The South African flag was draped over the coffin of Joost van der Westhuizen at his funeral. Picture: EPA
The South African flag was draped over the coffin of Joost van der Westhuizen at his funeral. Picture: EPA

PART 5: Top 50 post-isolation Springboks

By Lunga Biyela Time of article published Apr 3, 2020

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CAPE TOWN – Today we give you the top 10 in our series on Top 50 post-isolation Springboks which began on Monday.

While many won’t agree with the top 10, we hope it’ll create some talking points to keep this conversation going for a number of days.

Today we have two legendary loosehead props who dominated the game for a number of years, a pair of scrumhalves who made a name for themselves at Loftus and a number of players who played over 100 games in the green and gold.

Have a look at the other players ranked from 50 through to 11 and tell us how we’ve done. Have we hit the nail on the head, or are we wide of the mark?

PART 1: Top 50 post-isolation Springboks

PART 2: Top 50 post-isolation Springboks

PART 3: Top 50 post-isolation Springboks

PART 4: Top 50 post-isolation Springboks

Here are the players who make it into our Top 10 post-isolation Springboks.

10. Joost van der Westhuizen (89 caps)

For many years, Joost van der Westhuizen was the most reliable No 9 in the game. He was unpredictable at the base of the scrum or ruck, and could even get through the tightest of gaps. He was good in defence too and was not afraid of getting his hands dirty when he needed to.

During the 1995 World Cup final, he famously dealt with the Jonah Lomu threat, putting in a number of tackles on the big guy as the Springboks won the tournament. And who can forget his try during their World Cup quarter-final clash against England in 1999?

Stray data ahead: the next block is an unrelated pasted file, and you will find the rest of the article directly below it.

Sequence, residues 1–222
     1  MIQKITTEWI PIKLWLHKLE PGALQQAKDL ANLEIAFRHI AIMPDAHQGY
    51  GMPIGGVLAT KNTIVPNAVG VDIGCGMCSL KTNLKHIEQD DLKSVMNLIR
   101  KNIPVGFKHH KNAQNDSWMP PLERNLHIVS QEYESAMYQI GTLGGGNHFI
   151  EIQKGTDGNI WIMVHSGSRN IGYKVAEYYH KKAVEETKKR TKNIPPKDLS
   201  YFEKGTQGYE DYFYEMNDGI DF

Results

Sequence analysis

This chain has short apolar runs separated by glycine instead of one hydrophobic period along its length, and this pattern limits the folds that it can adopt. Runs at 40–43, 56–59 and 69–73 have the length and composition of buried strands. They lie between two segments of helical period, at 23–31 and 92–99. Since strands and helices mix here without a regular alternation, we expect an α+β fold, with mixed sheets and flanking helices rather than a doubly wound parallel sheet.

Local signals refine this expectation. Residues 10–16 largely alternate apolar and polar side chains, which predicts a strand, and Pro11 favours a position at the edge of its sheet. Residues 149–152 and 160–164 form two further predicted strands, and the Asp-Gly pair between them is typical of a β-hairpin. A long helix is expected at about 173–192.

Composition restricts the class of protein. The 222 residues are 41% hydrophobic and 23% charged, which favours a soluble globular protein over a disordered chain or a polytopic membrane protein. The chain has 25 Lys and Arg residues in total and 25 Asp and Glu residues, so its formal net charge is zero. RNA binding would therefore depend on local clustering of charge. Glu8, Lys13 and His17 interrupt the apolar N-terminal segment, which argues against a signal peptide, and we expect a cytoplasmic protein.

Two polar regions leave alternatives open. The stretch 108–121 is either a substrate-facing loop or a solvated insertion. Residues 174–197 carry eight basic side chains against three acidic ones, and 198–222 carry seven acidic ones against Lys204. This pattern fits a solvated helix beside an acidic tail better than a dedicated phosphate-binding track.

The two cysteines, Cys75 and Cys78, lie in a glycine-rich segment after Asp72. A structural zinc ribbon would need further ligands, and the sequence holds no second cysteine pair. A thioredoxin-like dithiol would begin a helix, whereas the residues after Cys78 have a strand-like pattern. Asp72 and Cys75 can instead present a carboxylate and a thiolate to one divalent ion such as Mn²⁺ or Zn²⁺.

9. Schalk Burger (86 caps)

Possessing an impressive 1.93m, 114kg frame, Schalk Burger famously had little regard for his body, which he used time and time again to help the Springboks get the advantage over their opponents. The cliched phrase “putting your body on the line” was Burger’s mantra throughout his career.

He came back from a serious neck injury suffered in 2006 to play a part in the Boks’ World Cup win the following year. And if we forgot just how tough he was, he came back again after battling bacterial meningitis in 2013. He was an absolute freak of nature.

8. John Smit (111 caps)

Every team that’s won the World Cup since 1987 has had one thing in common; they all had a great leader. On top of being one of the best hookers around, John Smit was a great leader. He knew how to get the best out of the players around him.

This was displayed in the Boks game against Tonga in France in 2007. With Smit on the bench, the team struggled, with Tonga at one stage looking like they were about to cause one of the biggest upsets at that tournament. Once Smit was brought on, the Boks were able to pull themselves together to seal a narrow win against the unfancied Tongans.

7. Os du Randt (80 caps)

The big Os du Randt was a powerful scrummager who ensured that Springbok pack outmuscled most teams they came up against.

He was largely forgotten about in South African rugby after suffering a series of injuries that kept him out of the game for a number of years until Jake White brought him back in 2004. That was an inspired decision as Du Randt would feature regularly for the next four years despite being on the wrong side of 30.

His last game in the green and gold was the victorious 2007 World Cup final, which wasn’t a bad way to go out.

6. Percy Montgomery (102 caps)

The blonde-haired fullback was the first Springbok to reach 100 caps in a career that saw him win the Tri Nations on more than one occasion, go on a 17-match winning streak, and chalk up over 800 Test points. Oh, and he also won the World Cup, kicking all but three points in the final.